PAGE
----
It never occurred to me when writing the opening paragraph, but now that I see it, three of the albums in this grouping of my list have some serious gaps of time between them and the bands’ previous releases. The Breathing Process have eight years, Light This City with close to ten years, and now we lie at the feet of Montreal’s tech-death behemoths Augury and their album Illusive Golden Age — an album with a nine-year gap between it and its predecessor Fragmentary Evidence.

I had often wondered in the build-up to Illusive Golden Age‘s release what Augury might have done in the span of time between those two discs, a time in which the tech-death scene exploded and then went forth into a full-blown arms race for who could write the most complicated, the quickest, the heaviest out there, and it all happened in the gap between two albums for them. It turns out that not much has changed when it comes to Illusive Golden Age. If anything, the time off just made the Augury crew decide to be a slight bit heavier than the already gigantic mass that they were, dropping a lot of their sing-song dalliances or crazier moments for sheer, suffocating, shock-and-awe, overwhelming death metal.

Listening to Illusive Golden Age is a lot like running away from a pyroclastic flow — they’re going to find Augury listeners frozen in place and encased in ash and already understand why. It will overwhelm you the first time around because Augury have been doing this for ages, and not only have they been doing this for ages, they’ve been doing it at the heaviest level possible. There were times in listening to Illusive Golden Age that I sometimes found myself wishing the first two songs were swapped, so that “The Living Vaults” was the first thing people heard from it. It’s a cartoonish way to imagine an album, but the way the rolling bass guitar slowly has more and more of the band join it before the song kicks into full gear would’ve been a hilarious way to introduce people to the disc, because for much of Illusive Golden Age the band never let up.

It’s an ever shifting, boiling tempest of an album and one that throws such a multitude of stuff your way that it gets exhausting. When I reviewed this album, it wasn’t until a few days before I had finished writing it that I discovered just how much I loved the madness that is the song “Maritime”; I think I even managed to shoehorn in a paragraph about it. You can almost see it happening in real time. It’s a feeling that happens constantly within Illusive Golden Age‘s eight songs. It’s nearly forty-five minutes of some of the most packed-together tech-death you’ll come across, and the way Patrick Loisel and company manage to make themselves seem larger than life and then throw their weight around like the leviathan-esque beast Augury is, is a goddamned joy.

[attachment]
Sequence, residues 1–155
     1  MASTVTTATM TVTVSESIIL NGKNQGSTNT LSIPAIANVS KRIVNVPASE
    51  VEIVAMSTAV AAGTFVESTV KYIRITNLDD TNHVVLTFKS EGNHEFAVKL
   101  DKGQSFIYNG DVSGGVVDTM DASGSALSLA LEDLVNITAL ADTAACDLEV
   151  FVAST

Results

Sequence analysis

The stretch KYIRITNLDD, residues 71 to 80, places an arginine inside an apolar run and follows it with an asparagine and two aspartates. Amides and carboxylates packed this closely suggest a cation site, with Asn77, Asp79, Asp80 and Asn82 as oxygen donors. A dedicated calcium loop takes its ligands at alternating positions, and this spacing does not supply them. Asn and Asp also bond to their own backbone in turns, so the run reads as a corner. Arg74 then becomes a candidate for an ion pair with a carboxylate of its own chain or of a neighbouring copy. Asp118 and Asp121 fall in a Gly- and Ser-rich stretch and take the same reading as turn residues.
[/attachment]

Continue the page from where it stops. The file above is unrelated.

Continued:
While it may find itself bumping up against the higher echelons of the list, don’t let it be a mark against its quality. Illusive Golden Age is one hell of an album – you just have to be ready for it to smother you the first few rounds.






On Clutch – Book Of Bad Decisions

I think I’ve taken every opportunity when doing my year-end lists to include the fact that I’m listening to the latest Clutch album — admittedly, a taste I’ve somewhat inherited from my previous web leaderperson GroverXIII — and I do so semi-jokingly because it’s not like the band need any help getting their name out there. Their Weathermaker record label seems to do very well for them and they have their own festival.

I fully converted over into loving the band when they finally finished their metamorphosis into a shameless blues-rock group on From Beale Street To Oblivion and have followed them pretty faithfully since then, enjoying every album a whole lot. Yet it’s not the fact that Clutch are a good rock band that puts them on here, it’s more that Book Of Bad Decisions was the first Clutch album in recent memory that I can say didn’t immediately click with me, only to later find myself enjoying it just as much as its predecessors.